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#4972, 27 January 2016
 
Countering Extremist Propaganda: A Strategy for India
Rajeshwari Krishnamurthy
Research Officer, IReS, IPCS
E-mail: rajeshwari@ipcs.org
 

The concept of using ‘counter-narratives’ to counter extremist propaganda is a strategy aimed to provide alternate narratives, to counter the narratives employed by extremist groups – the Islamic State (IS) especially – to attract, condition, and to recruit potentially vulnerable individuals, especially youth.

Given the high urgency for countering extremist propaganda, how can related efforts be made effective and sustainable in the Indian context?

Counter-narratives: Idea and Applications
Discourses promoting non-violent action do exist and in substantial measures. Problematically, however, narratives promoting violent action – and the resulting violent actions – get disproportionately high attention in various media, and narratives promoting non-violent action are side-lined, if not dismissed.

Consequently, public perception is often impacted to cause distortion and panic, resulting in a departure from rational approaches.

Equally Emphasising Message and Action
It is extremely important to formulate both long and short-term strategies in order to stem and eventually end the influence of extremist propaganda. A two-fold way to insulate individuals and society from threats of radicalism and violent action in the long run is by:

a. Systematically rendering the narratives propagated by extremists of all types, unacceptable, irrational, and unrealistic
b. Cultivating a general public sentiment that rejects violence as an option

Relevant messaging will have to be preceded by extensive consultations within the various wings of the government as well as between the government and the various civil society organisations, research institutions, subject experts, and communities from a cross-section of society. The way New Delhi finally defines and strategises to address this issue following such consultations will determine the future course of action.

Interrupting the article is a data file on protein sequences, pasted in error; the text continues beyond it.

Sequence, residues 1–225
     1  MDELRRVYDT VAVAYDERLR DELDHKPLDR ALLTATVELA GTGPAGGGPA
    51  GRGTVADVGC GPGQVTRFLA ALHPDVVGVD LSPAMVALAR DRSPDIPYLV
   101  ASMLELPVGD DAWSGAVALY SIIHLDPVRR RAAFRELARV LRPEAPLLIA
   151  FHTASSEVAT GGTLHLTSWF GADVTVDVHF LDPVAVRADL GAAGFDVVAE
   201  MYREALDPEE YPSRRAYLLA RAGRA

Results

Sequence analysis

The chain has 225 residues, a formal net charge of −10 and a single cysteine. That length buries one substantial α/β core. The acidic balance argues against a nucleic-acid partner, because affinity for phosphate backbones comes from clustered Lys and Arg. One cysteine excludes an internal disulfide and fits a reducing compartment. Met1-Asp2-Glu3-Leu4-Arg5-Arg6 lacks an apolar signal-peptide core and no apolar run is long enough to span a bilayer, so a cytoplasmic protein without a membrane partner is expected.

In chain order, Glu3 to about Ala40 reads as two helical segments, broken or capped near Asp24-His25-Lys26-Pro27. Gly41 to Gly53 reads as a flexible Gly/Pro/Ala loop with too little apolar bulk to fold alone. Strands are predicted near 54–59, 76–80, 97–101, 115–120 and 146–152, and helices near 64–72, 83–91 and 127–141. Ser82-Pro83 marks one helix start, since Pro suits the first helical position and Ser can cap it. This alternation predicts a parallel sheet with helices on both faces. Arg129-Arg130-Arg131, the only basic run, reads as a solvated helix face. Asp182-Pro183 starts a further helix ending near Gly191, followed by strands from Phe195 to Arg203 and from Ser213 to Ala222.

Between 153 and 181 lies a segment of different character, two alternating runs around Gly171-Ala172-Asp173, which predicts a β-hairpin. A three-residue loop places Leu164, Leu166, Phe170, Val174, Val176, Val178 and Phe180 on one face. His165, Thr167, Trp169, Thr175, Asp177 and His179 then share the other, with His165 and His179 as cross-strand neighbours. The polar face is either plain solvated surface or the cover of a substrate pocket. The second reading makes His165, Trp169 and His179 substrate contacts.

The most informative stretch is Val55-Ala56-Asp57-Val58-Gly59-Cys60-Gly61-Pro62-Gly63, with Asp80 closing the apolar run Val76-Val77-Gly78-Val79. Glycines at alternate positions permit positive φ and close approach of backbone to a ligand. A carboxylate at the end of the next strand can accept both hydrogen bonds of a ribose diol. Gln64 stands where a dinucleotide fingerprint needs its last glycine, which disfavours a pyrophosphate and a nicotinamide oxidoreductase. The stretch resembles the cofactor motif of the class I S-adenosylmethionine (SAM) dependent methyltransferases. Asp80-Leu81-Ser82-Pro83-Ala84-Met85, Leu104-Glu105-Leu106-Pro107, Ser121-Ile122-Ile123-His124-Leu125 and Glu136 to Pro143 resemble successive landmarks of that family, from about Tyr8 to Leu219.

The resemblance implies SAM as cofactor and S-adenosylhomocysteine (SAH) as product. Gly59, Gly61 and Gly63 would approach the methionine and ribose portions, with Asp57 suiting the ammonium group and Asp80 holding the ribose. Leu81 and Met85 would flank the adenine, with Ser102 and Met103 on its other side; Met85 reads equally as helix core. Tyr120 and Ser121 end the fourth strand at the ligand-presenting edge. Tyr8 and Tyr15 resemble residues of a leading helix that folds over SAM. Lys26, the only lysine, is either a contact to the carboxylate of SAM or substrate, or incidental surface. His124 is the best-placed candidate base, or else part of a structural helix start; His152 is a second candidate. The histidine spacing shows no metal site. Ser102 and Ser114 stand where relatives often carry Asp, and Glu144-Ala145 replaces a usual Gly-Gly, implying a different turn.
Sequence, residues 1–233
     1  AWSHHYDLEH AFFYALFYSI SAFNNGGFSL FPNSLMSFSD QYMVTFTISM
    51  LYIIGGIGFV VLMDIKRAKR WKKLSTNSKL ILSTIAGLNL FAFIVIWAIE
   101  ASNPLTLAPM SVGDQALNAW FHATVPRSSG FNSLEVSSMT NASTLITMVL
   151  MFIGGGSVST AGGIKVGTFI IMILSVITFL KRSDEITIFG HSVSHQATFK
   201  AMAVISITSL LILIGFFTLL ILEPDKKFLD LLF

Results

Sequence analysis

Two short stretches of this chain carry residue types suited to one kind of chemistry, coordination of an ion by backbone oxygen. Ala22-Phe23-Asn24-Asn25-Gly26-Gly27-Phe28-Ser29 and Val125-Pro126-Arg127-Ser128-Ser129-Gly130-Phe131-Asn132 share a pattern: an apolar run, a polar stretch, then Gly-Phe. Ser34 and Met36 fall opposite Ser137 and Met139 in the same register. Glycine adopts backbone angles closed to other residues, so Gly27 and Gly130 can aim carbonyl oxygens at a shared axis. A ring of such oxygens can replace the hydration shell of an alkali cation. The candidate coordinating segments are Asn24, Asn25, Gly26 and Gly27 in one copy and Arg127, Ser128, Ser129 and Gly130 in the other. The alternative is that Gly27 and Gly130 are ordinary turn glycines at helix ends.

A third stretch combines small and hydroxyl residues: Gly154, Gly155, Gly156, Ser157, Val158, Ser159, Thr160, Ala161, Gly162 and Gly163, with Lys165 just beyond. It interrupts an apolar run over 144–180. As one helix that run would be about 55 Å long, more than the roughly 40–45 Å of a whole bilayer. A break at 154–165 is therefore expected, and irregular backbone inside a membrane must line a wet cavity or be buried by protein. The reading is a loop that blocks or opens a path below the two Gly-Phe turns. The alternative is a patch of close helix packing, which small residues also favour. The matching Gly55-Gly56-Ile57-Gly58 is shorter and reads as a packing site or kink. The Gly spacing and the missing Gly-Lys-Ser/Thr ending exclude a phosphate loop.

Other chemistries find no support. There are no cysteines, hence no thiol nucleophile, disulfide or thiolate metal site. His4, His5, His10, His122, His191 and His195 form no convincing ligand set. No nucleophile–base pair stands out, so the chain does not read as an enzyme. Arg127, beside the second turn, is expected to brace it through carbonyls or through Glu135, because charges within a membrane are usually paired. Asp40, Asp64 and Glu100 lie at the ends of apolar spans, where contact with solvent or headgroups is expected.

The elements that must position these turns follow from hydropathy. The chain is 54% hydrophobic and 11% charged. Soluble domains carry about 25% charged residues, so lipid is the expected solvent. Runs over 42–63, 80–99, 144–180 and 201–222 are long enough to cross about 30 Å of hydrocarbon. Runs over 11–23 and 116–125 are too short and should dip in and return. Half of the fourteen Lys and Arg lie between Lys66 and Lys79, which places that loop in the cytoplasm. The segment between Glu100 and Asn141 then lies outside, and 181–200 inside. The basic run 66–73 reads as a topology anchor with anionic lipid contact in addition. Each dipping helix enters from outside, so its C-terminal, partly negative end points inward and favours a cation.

Although action on the ground is vital, it takes longer to deliver results substantial enough to get noticed by the masses. In comparison, messaging in the form of speeches, statements etc. resonate more, and at a higher pace. Therefore, equal emphasis has to be laid on the content of the message New Delhi disseminates in this regard.

Key Components
Emphasis on non-violence:
The messaging should echo non-leniency towards any individual or group committing or propagating violence, either in words or in action. Any discrepancy between the message and the action on the ground must be avoided, and both tasks should be carried out continually, consistently and simultaneously. Mutual respect, tolerance, non-violence, and justice as non-negotiable components of any discourse, debate or disagreement, should be promoted and ensured.

Engaging the masses: Public debates and conversations on the significance and need for mutual respect and recourse to non-violent means to address issues must be encouraged. A nation-wide cross-sectional conversation must be stimulated, so that citizens can insulate themselves from radicalisation of all types.